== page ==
The Bottom Line: NYE Nostalgia

By Todd Martin Dec 22, 2020

Editor’s note: The views and opinions expressed below are those of the author and do not necessarily reflect the views of, its affiliates and sponsors or its parent company, Evolve Media.

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One of the byproducts of the deluge of Ultimate Fighting Championship shows in 2020 is that it has been hard for other mixed martial arts organizations to capture the public’s attention. Even for hardcore MMA fans who love the sport and are willing to devote hours every week to watching it, it’s difficult to find the time for Bellator MMA, Invicta Fighting Championships, One Championship or Legacy Fighting Alliance when a six-hour block of fighting is built in every Saturday. As such, happenings like the continued emergence of A.J. McKee and Vadim Nemkov as world-class talents in Bellator or the debut in Invicta of potential Professional Fighters League superstar Kayla Harrison have flown under the radar.

That may change over the next month as the rainstorm of MMA shows will quickly turn into a drought. UFC won’t be running until mid-January and Bellator has nothing scheduled, leaving (with apologies to One Championship) only one major card over the next month: Rizin Fighting Federation’s annual New Year’s Eve special. The MMA world being focused on New Year’s Eve in Japan is far from unprecedented as there was a time when that would be the biggest night of the year for MMA; easily bigger than any UFC card.

New Year’s Eve in Japan was where the best fighters in the world competed in their primes: Fedor Emelianenko, Antonio Rodrigo Nogueira, Mirko Filipovic, Wanderlei Silva, Kazushi Sakuraba, Dan Henderson, Mauricio Rua, Quinton Jackson, Dan Henderson, Josh Barnett, Don Frye and so on. It was where Mark Hunt executed the flying butt drop on Wanderlei Silva one year and was knocked out by Melvin Manhoef another. It was where Olympic gold medalists Rulon Gardner and Karam Ibrahim Gaber fought for the only time, with decidedly mixed results.

New Year’s Eve was the stage for the biggest freak shows, like pro wrestling hall of famer Yuji Nagata being thrown to the wolves in Emelianenko and Cro Cop. The same year, Genki Sudo fought at lightweight in the UFC and then fought novelty super heavyweight boxer Eric Esch on New Year’s Eve. Bob Sapp fought Chad Rowan in the biggest freak show of them all. And yes, it was New Year’s Eve that destroyed Japanese MMA, as an alleged yakuza shakedown for the services of Emelianenko on Inoki Bom Ba Ye led Fuji TV to drop Pride Fighting Championships. It’s a storied history, although one more grounded in the past than the present.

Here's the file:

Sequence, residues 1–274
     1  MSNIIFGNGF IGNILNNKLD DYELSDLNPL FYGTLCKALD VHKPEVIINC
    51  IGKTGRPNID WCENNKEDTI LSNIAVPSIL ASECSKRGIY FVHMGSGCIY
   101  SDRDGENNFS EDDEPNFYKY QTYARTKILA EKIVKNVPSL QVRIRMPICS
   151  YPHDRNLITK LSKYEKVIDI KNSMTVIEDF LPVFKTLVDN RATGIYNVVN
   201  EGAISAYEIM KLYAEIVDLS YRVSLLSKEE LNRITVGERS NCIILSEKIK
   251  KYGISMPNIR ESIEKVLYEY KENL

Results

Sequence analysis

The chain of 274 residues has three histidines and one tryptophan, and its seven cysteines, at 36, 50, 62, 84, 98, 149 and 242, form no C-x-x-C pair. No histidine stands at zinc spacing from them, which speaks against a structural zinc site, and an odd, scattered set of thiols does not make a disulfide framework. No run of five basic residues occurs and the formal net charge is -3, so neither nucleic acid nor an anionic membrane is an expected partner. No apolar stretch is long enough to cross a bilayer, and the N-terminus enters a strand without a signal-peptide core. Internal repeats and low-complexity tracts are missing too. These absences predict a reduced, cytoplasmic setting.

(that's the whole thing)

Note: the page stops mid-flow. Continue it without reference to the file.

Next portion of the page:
Rizin faces serious challenges in putting together this year’s card. Japanese combat sports fans have always appreciated their Japanese favorites taking on stars from around the world, from Antonio Inoki vs. Muhammad Ali through Kazushi Sakuraba vs. Royce Gracie to Tenshin Nasukawa vs. Floyd Mayweather. Unfortunately this year, COVID-19 regulations requiring long quarantine times have limited Japanese access to foreign fighters.

Last year, Rizin’s two year-end cards (merged together for Japanese television and the first run in conjunction with Bellator) featured fighters from 12 nations, including international stars like Fedor Emelianenko, Quinton Jackson, Michael Chandler and Michael Page. This year’s lineup is scheduled to only feature 3 non-Japanese fighters in 14 bouts. This will surely limit international interest in this year’s bill. With that said, the card is a strong one from a Japanese interest standpoint, with three big fights at the top.

The main event features the return of Kyoji Horiguchi, gunning for revenge against Kai Asakura. Horiguchi was on as much of a roll as anyone in the sport when he entered the ring with Asakura 16 months ago. His glittering 28-2 record and dominance in both the UFC and Rizin led some to put him in the pound-for-pound discussion. That ended in violent fashion when Asakura knocked him out and a major knee injury forced Horiguchi to wait for his rematch. The stakes will be high for both men when they rematch in a bantamweight title clash.

Ayaka Hamasaki vs. Miyuu Yamamoto may not mean much to western audiences, but it’s a big fight in Japan. Yamamoto comes from a very famous family. Her father was an Olympic wrestler. Both his daughters, Miyuu and Seiko, became world champion wrestlers. Miyuu’s brother, Norifumi Yamamoto, was a mainstream star as a kickboxer and MMA fighter. She’s only 6-4 in MMA but she is one of the biggest stars Rizin has and this year she will be fighting for a title for the first time against Hamasaki, Rizin’s best female fighter. It’s a mismatch on paper, but easily one of the biggest fights Rizin can make.

The third top fight on the card is Nasukawa returning against Kumandoi Petcharoenvit. Nasukawa is likely still Rizin’s biggest asset, undefeated in pro MMA and kickboxing in spite of his embarrassing loss to Mayweather in a boxing exhibition two years ago. Also on the card are names that will be familiar to longtime fans like Takanori Gomi, Hideo Tokoro and Ikuhisa Minowa. It’s not Pride Shockwave 2004, but for fight fans looking for something to sink their teeth into between now and mid-January, it will do. Advertisement
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